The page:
|Publication number||US7416757 B2|
|Application number||US 11/100,171|
|Publication date||Aug 26, 2008|
|Filing date||Apr 6, 2005|
|Priority date||Apr 8, 2004|
|Also published as||US20050261727|
|Publication number||100171, 11100171, US 7416757 B2, US 7416757B2, US-B2-7416757, US7416757 B2, US7416757B2|
|Inventors||Richard Champion Davis, III, Yufu Li, Zhigang Li, Juan A. Lorenzo, Murty N. Vyakarnam|
|Original Assignee||Cordis Neurovascular, Inc.|
|Export Citation||BiBTeX, EndNote, RefMan|
|Patent Citations (42), Non-Patent Citations (2), Referenced by (2), Classifications (20), Legal Events (6)|
|External Links: USPTO, USPTO Assignment, Espacenet|
This application claims priority from Provisional Application Ser. No. 60/560,652, filed Apr. 8, 2004.
Embolic coils to treat aneurysms have tremendous advantages over neurosurgical clipping and are quickly becoming the standard of care. While coiling is the standard endovascular treatment option for many aneurysms, there is a large population of aneurysms that re-canalize over time. Once recanalization occurs, the coils may compact or the aneurysm may grow in size. In addition, these aneurysms are more susceptible to rupture. One potential concept to reduce the likelihood of recanalization is to cause tissue in-growth within the aneurysm to provide long-term treatment of the aneurysm. The disclosure describes a unique bioactive coating that encourages tissue ingrowth providing a long term solution to the problem of recanalization.
Further, the key to treating aneurysms lies in creating an optimum packing density within the aneurysm sack. Often coils do not fill and pack the aneurysm sack well and/or are difficult to deploy. This invention discloses an improved device that comprises a unique coating that overcomes both the issues of deployment and recanalization, and a method for such coating. This coating modulates the tissue response in such a way that rather than triggering a severe thrombolytic response it induces mild to moderate inflammatory response that promotes organization of fibrotic tissue leading to a more permanent treatment for aneurysms. The coating comprises a unique bioresorbable and biocompatible material that is also elastomeric in nature, for example as disclosed in Jones et al. U.S. patent application Ser. No. 10/811,753, filed Mar. 29, 2004.
The formation of fibrotic tissue decreases the chances for recanalization, thereby creating a safer and efficacious device. Unlike collagen based coatings, this coating is not prothrombolytic, thereby allowing the surgeon to manipulate its precise location for deployment. Further, the coating does not greatly alter the physical characteristics of the coil, which makes its deployment consistent.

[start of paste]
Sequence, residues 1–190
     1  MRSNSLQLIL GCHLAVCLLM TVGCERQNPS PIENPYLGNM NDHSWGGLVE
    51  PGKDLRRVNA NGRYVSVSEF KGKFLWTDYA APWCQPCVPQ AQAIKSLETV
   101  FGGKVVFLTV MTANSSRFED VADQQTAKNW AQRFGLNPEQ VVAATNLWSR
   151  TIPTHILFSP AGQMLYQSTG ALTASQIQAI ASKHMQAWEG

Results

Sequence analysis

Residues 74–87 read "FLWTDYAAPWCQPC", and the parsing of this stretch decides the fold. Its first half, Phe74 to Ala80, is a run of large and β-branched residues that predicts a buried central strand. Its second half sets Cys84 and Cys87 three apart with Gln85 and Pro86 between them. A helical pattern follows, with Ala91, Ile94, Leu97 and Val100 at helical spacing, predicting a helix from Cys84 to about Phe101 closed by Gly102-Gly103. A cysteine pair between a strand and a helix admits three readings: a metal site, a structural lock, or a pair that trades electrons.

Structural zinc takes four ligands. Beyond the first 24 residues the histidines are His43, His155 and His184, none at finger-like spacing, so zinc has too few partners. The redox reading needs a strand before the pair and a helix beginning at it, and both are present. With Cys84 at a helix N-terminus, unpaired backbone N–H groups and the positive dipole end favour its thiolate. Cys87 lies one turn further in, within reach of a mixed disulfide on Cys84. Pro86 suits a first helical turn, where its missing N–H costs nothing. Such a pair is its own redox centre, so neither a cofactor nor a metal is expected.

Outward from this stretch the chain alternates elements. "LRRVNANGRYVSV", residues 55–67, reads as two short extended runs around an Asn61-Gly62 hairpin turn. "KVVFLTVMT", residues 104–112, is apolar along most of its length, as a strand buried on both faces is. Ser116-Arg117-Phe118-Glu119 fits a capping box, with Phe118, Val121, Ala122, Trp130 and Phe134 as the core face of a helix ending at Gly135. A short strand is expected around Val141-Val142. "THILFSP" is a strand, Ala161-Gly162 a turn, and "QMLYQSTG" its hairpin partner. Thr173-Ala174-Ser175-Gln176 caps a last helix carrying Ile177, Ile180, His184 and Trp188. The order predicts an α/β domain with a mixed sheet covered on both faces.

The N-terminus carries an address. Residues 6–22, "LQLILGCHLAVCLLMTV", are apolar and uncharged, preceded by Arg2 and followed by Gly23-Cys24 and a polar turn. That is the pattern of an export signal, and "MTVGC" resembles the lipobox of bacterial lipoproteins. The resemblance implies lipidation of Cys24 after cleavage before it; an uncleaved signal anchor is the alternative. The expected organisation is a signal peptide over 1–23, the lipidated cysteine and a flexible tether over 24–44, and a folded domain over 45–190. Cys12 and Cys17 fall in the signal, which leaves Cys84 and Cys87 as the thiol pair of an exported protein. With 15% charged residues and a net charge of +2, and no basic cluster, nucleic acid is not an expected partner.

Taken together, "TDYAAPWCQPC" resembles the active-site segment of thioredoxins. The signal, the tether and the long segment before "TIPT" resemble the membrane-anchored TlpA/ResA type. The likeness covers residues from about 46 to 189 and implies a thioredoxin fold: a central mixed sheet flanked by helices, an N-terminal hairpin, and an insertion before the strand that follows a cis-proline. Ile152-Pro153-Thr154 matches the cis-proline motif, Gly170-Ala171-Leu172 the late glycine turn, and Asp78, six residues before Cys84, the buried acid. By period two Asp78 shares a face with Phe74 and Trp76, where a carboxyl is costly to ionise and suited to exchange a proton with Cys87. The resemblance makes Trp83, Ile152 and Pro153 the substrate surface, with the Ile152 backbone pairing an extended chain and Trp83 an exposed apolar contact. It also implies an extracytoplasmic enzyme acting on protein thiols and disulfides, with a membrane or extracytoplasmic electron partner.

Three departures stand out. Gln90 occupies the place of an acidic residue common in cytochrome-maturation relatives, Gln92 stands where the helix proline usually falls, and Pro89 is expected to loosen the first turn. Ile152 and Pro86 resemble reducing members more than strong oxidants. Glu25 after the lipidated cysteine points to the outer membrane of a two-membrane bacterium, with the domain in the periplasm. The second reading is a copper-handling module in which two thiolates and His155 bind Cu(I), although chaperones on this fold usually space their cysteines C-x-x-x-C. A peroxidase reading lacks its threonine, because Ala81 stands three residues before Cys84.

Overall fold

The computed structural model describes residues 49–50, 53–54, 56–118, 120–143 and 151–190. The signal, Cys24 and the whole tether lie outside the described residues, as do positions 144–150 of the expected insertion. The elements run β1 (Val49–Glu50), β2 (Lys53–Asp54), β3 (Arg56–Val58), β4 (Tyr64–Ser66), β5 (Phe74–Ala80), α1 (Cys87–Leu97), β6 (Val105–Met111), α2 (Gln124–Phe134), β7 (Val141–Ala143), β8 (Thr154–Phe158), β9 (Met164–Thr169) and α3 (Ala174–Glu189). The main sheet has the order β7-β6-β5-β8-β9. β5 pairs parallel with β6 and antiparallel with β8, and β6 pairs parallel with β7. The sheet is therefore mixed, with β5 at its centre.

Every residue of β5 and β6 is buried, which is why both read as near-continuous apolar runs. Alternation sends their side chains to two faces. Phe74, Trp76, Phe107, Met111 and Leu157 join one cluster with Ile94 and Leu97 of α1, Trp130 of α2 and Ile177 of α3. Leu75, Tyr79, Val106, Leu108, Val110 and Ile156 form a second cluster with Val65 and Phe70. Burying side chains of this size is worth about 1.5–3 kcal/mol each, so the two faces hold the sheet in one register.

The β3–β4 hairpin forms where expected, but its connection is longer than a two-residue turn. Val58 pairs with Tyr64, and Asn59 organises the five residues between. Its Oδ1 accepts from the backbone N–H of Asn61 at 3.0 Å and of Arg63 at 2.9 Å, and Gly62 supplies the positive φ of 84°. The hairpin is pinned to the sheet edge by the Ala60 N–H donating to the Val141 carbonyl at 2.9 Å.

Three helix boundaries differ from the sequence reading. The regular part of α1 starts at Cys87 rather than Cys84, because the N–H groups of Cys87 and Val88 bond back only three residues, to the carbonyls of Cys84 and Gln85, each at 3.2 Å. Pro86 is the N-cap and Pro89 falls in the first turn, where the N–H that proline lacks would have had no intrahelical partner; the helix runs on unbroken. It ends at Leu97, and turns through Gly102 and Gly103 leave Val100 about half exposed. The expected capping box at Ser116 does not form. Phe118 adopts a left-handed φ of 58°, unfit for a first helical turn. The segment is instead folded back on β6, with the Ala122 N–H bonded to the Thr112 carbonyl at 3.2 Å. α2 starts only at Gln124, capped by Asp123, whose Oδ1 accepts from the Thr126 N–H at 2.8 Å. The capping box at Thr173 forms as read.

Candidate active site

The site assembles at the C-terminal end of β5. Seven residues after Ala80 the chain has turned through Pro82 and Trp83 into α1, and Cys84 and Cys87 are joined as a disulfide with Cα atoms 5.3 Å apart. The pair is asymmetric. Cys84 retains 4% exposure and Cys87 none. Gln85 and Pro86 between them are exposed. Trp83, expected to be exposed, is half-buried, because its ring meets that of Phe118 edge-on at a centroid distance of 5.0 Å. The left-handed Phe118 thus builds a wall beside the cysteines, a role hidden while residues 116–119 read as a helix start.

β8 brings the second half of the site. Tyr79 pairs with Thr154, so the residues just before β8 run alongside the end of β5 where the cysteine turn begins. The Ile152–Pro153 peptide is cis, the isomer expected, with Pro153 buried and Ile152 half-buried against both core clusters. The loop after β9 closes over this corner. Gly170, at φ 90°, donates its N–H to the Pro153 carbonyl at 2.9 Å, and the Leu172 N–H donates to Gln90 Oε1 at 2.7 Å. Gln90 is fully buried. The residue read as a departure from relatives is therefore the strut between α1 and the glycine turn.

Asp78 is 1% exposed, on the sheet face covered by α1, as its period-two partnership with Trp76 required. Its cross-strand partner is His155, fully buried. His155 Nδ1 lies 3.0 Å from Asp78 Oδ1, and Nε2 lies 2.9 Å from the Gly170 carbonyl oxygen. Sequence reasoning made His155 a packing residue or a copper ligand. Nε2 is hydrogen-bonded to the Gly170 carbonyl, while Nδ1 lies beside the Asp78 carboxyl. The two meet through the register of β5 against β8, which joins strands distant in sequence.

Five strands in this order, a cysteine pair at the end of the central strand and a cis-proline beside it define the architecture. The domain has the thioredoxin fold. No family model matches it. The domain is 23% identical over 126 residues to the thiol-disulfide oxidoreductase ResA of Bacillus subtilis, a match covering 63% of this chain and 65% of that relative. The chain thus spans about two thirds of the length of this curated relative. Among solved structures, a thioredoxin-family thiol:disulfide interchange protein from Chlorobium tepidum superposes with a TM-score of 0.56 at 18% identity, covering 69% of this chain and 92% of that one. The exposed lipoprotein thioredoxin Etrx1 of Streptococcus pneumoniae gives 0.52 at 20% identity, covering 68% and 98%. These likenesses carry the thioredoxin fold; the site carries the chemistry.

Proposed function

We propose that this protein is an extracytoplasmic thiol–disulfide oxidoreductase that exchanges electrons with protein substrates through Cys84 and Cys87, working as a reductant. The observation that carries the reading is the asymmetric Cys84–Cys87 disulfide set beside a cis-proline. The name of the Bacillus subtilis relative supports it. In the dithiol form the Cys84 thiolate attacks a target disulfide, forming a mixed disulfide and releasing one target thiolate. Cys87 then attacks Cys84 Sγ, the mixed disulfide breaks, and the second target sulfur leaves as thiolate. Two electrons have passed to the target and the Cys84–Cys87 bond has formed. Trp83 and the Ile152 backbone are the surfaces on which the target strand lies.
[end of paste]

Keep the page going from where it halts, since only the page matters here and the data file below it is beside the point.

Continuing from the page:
The composition of the elastomeric polymer typically comprises caprolactone and glycolide components. The unique combination of these monomers results in an elastomeric copolymer which, when used to coat embolic coils using the methods disclosed herein results in flexible coils that retain their shape. The pro-inflammatory response can be easily monitored by changing the amount of the polymer coated on the device, changing the ratio of the composition, or by addition of low molecular weight glycolide or glycolic acid monomer.
Typically the embolic coils are metallic coils that are introduced in the neurovascular space using an image guided system. The coils are preformed during manufacturing to attain random or helical shapes that easily conform to a space. Once deployed at the proper location such as an embolism sac, they are detached from the delivery system, such as a microcatheter. The coils retain their preformed shapes to ensure integrity of the fill and to eliminate any migration of the coil from the sac into the vasculature. Coating the embolic coil poses significant challenges due to its inherent physical characteristics, pre-set configuration as well as the delicate attachment means to the microcatheter.
There are disclosed herein several methods of coating this device without compromising the coil shape and deployment characteristics. The preferred method of making such a device is by dip coating the embolic coil in the polymer solution. The method disclosed coats the coils using a fixture that unwinds the coils from its inserter package and/or straightens them, and dips them into a solution comprising a solvent or a mixture of solvents and a polymer. The coil gets coated in the solution, and is pulled out of the solution at a controlled speed, ensuring that the coil does not wrap on itself, straightening the coil without stretching as the coil is pulled out of the solution, which prevents the post-coating coil on coil adhesion. This pulling out also drains the excess solution. This process enables a uniform coating of the coil. Further embodiments of this coating process can include a drying step and an annealing step to provide a solvent-free and stable coating that has a long shelf life.